28 April 2015

the whole package

We, the Electric Spec Editors, are finishing reading slush this week and moving on to choosing stories for the May 31, 2015 Electric Spec issue. I find this step (choosing) difficult because all the stories in hold-for-voting are good. This step is probably the most subjective. What do I look for? Well, I'll tell you: the whole package. In terms of stories this means:
  1. The story has a unique voice. This can be rendered via the protagonist's point-of-view or the prose or a beautifully-rendered world or something else. Basically, I want to get lost in the story.
  2. The story has a unique plot. I choose stories with plots I haven't read before. However, if the voice is lovely enough, this can be superseded.
  3. The story has a unique protagonist. IMHO every protagonist should be flawed in some way and be gifted in some way. The protagonist's unique qualities then should drive the plot problem and solution. I want to believe the protagonist is, or could be, a real person.
  4. The story is in a genre I prefer. Subjective-me really likes urban fantasy and hard SF and especially stories with time-travel and/or quantum physics. I like other types of fantasy and soft SF and macabre horror. In general, I prefer man-against-nature stories over man-against-man stories. I enjoy humorous stories (but humor itself is very subjective). I don't like stories with a cruel tone. I have been known to black-ball stories with rape, especially kid rape. Caveat Scriptor.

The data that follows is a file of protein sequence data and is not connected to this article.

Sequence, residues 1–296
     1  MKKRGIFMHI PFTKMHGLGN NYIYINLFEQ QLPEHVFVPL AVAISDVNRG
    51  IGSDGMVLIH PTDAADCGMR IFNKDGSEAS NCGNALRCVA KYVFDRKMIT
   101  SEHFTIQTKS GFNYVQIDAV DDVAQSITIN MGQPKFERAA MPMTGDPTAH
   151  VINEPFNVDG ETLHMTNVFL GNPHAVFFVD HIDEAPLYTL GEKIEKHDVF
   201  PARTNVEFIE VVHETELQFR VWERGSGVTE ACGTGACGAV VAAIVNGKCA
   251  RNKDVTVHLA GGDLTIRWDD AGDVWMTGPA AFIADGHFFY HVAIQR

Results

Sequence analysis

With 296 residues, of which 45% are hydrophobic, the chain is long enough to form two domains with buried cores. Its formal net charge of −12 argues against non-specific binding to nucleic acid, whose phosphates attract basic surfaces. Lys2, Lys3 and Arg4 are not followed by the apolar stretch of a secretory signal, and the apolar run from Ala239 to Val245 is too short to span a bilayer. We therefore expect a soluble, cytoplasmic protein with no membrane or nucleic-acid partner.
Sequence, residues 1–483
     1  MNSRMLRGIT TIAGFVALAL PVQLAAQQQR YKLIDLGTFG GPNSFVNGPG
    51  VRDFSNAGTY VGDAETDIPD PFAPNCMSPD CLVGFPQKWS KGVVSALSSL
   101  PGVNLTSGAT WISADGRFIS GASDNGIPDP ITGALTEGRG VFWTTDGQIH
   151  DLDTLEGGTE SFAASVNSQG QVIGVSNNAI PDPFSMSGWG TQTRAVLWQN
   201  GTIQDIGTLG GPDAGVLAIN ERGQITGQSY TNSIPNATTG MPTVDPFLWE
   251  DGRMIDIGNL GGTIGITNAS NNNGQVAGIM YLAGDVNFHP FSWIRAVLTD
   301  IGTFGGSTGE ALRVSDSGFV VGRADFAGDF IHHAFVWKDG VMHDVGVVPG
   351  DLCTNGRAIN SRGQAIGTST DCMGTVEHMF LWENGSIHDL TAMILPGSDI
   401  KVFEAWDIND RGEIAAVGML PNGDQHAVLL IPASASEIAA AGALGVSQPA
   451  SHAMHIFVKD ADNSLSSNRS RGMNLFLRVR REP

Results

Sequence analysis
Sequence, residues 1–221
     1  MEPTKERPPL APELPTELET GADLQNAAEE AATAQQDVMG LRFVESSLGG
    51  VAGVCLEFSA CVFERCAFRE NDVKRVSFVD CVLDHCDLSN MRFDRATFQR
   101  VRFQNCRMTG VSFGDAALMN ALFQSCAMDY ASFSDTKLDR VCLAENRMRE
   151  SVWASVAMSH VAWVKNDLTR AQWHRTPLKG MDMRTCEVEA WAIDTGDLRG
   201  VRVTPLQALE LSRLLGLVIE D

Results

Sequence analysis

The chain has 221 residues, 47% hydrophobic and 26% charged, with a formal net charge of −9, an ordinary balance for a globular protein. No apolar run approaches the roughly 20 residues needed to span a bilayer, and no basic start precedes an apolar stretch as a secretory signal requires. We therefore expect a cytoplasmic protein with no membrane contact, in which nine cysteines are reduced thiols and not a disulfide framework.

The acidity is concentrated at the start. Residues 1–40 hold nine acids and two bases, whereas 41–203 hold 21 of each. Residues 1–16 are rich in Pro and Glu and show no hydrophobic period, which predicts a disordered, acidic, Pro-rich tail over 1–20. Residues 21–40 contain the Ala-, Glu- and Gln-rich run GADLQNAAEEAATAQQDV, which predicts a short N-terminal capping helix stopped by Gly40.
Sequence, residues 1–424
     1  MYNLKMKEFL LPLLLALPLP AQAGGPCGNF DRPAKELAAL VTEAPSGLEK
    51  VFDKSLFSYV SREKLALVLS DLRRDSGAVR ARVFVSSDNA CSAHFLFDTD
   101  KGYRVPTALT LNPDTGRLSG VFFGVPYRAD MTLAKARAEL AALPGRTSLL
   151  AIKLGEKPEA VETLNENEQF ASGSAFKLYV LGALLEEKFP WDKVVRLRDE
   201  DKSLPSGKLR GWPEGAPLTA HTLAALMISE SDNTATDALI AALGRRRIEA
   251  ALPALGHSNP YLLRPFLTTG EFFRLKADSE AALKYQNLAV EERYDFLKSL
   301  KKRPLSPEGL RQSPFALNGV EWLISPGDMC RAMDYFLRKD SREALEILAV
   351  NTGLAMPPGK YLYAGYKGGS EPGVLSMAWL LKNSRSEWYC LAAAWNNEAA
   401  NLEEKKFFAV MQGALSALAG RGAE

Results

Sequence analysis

5. Finally, there are editorial concerns: The story is mostly free of grammar and spelling errors. (Error-filled stories are more difficult to edit.) The story isn't super long (These are more work to edit). The story can't be similar to one we published before.
And then, of course, at the production meeting we have to worry about things like issue balance, meaning, for example, we can't publish 5 zombie stories.
But the production meeting is a post for another time...(like next week!)

21 April 2015

advice from reading slush

We are working hard behind the scenes on the May 31, 2015 issue of Electric Spec. Right now, we are still getting through the slush pile. Thus, you should expect to hear back from us by the end of April/beginning of May if we got your story.